Our macro team obviously has a proclivity for quantitative analysis. This is mostly because our collection of four former hockey players, a former competitive body builder and a former football player is simply not smart enough to get by on “feel” and “storytelling” alone. Numbers simplify things for us.

 

Quantifying the Currency War

One topic that has become increasingly front and center on the minds of investors is the reemergence of the “Currency War” among G3 central banks. In light of the growing importance of this topic, we thought we’d add some good ol’ fashioned Hedgeye Macro quant to the discussion. The conclusions of our analysis are threefold:

 

  1. Our models indicate the ECB should continue to enact dovish policy and/or guidance, at the margins, and is currently under the most pressure to do so.
  2. Our models indicate the Fed should continue to enact dovish policy and/or guidance, at the margins, though it is facing less pressure than the ECB to do so at the current juncture.
  3. Our models indicate the BoJ should continue to remain neutral, at the margins, and is facing fairly subdued pressure to enact marginally dovish policy at the current juncture.

 

QUANTIFYING THE CURRENCY WAR AND THE SLOWDOWN IN GLOBAL GROWTH - MONETARY POLICY MODEL

 

QUANTIFYING THE CURRENCY WAR AND THE SLOWDOWN IN GLOBAL GROWTH - CURRENCY WAR MODEL

 

In chart #1 above, a low reading implies the need to ease, while a high reading implies the need to tighten. In chart #2 above, a high score implies a commensurately high amount of pressure to ease (i.e. engage in the “Currency War”), while a low score implies a commensurately low amount of pressure to ease.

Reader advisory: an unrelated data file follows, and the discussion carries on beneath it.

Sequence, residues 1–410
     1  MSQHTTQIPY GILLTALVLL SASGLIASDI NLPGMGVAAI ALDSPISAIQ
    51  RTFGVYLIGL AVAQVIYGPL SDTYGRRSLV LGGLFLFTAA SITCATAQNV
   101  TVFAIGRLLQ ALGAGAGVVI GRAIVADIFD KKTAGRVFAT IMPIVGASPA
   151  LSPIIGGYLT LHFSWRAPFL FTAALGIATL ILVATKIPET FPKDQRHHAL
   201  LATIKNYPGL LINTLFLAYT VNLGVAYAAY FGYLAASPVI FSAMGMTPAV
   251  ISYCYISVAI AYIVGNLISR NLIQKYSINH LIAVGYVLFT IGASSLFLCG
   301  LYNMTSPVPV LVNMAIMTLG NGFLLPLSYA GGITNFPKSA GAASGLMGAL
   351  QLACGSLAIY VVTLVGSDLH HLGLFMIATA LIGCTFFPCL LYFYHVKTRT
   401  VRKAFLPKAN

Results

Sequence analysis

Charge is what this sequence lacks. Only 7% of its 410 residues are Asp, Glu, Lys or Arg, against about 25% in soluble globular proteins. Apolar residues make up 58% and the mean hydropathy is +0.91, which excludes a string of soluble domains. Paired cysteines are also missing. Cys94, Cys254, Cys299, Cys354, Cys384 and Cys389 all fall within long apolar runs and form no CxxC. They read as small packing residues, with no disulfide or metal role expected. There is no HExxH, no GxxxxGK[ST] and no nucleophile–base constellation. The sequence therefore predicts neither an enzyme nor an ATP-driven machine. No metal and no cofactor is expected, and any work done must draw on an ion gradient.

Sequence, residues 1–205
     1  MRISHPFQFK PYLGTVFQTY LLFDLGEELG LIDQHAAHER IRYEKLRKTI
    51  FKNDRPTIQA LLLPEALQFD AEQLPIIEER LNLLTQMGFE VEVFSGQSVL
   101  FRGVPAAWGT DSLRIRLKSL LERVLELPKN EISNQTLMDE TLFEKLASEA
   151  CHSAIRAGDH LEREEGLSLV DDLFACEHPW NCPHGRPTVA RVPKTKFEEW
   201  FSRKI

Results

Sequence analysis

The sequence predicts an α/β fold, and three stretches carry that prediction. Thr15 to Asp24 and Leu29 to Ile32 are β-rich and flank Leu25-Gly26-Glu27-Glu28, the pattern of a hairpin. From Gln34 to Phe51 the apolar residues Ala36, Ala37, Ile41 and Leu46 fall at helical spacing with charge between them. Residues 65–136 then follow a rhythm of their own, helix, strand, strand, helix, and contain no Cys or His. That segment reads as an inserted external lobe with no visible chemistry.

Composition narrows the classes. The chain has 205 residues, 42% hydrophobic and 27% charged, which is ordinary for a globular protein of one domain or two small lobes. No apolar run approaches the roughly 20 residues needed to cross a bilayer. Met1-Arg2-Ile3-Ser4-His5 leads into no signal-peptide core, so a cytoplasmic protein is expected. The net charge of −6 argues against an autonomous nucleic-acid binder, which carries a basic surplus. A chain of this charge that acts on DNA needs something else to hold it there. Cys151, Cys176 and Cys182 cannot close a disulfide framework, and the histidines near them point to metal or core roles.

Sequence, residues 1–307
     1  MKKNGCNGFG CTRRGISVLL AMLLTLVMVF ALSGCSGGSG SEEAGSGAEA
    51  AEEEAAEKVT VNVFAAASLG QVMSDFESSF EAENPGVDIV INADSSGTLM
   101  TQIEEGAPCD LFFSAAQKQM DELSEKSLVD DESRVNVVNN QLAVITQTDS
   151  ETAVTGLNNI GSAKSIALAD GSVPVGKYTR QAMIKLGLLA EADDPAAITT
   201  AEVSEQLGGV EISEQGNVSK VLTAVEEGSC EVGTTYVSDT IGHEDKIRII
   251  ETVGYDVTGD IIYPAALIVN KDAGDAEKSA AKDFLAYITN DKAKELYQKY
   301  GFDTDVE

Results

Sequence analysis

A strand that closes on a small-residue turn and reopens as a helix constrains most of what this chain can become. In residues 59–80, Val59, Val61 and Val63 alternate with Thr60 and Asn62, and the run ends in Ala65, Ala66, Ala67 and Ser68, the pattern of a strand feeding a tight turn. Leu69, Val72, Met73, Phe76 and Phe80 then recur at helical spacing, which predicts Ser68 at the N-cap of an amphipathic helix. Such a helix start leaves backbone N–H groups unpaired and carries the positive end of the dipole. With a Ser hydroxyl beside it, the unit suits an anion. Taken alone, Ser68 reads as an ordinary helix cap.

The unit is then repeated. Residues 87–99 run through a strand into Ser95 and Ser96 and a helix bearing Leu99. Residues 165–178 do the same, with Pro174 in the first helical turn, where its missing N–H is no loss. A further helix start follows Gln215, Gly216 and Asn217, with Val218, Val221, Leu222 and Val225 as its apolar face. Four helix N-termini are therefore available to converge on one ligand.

Methodology

To arrive at the aforementioned conclusions, we built a quantitative model that transforms 10 relevant economic indicators into a standardized format that allows for cross-country comparative analysis:

 

  1. 5Y-5Y Forward Breakeven Rate (latest reading as a percentile of the trailing 6M sample): a higher reading indicates rising inflation expectations among market participants and vice versa
  2. Benchmark Equity Market (latest reading as a percentile of the trailing 6M sample): a higher reading implies rising stock prices and/or valuations and vice versa  
  3. Bloomberg Consensus 2014 CPI Forecast (latest reading as a percentile of the trailing 12M sample): a higher reading indicates rising inflation expectations within the academic economist community and vice versa
  4. Bloomberg Consensus 2014 GDP Forecast (latest reading as a percentile of the trailing 12M sample): a higher reading indicates rising growth expectations within the academic economist community and vice versa
  5. Core CPI YoY (latest reading as a percentile of the trailing 10Y sample): a higher reading indicates elevated structural inflationary pressures and vice versa
  6. Econ Surprise Index (latest reading as a percentile of the trailing 12M sample): a higher reading indicates an improving economic outlook and vice versa
  7. REER (latest reading as a percentile of the trailing 10Y sample): a higher reading indicates a perceived loss of structural competitiveness and vice versa; to maintain directional consistency, we invert this number to highlight the fact that policymakers are more likely to react in a dovish manner to a perceived loss of competitiveness
  8. Sovereign 10Y-2Y bps Spread (latest reading as a percentile of the trailing 6M sample): a higher reading indicates an improving growth outlook among market participants and vice versa